A bill that would compel Illinois pro-life healthcare providers, including nonprofit pregnancy help organizations, to refer for abortions has been brought back from the brink for the fourth time this summer, thanks to a move from its House sponsor Thursday.
Following three consecutive deadline extensions that have kept the bill alive since mid-May, Rep. Robyn Gabel (D-18th), the House sponsor for Senate Bill 1564, the Health Care Right of Conscience Act, introduced an amendment to change the bill's effective date from Jan. 1, 2016 to June 1, 2016.
Passing by a 56-53 margin, the main goal of Gabel's maneuver, she conceded, was to prevent the bill from requiring a three-fifths majority vote to pass the legislative body. Since the bill, passed April 22 by the Senate, was still under consideration by the House past a May 31 deadline, a three-fifths majority vote became necessary if the potential law was to into effect Jan. 1.
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Rep. Ronald Sandack (R-81st) questioned Rep. Gabel's reasoning for introducing Thursday's extension.
"So you are deliberately changing the effective date in order to get a lower threshold of vote count," Rep. Sandack said. "Is there any reason why you can't just bring this bill next year when we're in regular session, or in the fall?"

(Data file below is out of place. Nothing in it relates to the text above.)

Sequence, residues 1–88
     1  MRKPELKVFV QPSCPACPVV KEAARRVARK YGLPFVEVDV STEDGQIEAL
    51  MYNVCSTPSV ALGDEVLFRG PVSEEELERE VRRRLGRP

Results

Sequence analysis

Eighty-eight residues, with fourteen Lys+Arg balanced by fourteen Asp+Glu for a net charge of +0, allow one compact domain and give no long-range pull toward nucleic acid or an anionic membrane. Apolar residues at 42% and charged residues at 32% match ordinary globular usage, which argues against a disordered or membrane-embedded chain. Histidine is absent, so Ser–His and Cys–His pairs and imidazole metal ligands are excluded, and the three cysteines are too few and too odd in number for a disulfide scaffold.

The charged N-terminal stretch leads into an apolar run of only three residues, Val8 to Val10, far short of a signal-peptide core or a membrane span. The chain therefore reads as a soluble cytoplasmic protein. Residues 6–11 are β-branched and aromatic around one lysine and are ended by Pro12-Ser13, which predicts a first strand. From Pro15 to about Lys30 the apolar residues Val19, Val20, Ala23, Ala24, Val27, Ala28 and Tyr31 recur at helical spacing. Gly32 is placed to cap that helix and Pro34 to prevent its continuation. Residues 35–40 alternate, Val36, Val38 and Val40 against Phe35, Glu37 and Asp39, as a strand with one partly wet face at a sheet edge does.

"This bill is ready to go," Rep. Gabel responded.
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Opponents have argued SB 1564 would turn the existing Health Care Right of Conscience Act into a weapon, since it would to force pro-life medical personnel, institutions and organizations to participate in abortions by choosing to either "refer," "transfer," or "provide in writing" a list of abortion facilities to patients who request the information.
Additionally, a pro-life medical provider or organization--including the state's 48 pregnancy medical clinics--would be bound by the legislation to counsel patients as to the "benefits" of treatment options including abortion.
While pregnancy help organizations counsel clients and patients on such facts as the baby's development, and the physical and psychological dangers of abortion, the proposed legislation's inclusion of a requirement to counsel on the "benefits" of abortion has raised concern among pro-life opponents to the bill.
Although the bill requires pro-life healthcare providers and organizations to participate in abortion, it does not include stipulations that healthcare professionals, institutions, or organizations counsel patients on alternatives to abortion such as parenting or placing for adoption.
Held for its second reading as of Thursday afternoon, SB 1564 will need 60 votes in order to pass the House vote, and will need to return to its originating body before being sent to the desk of Republican Gov. Bruce Rauner.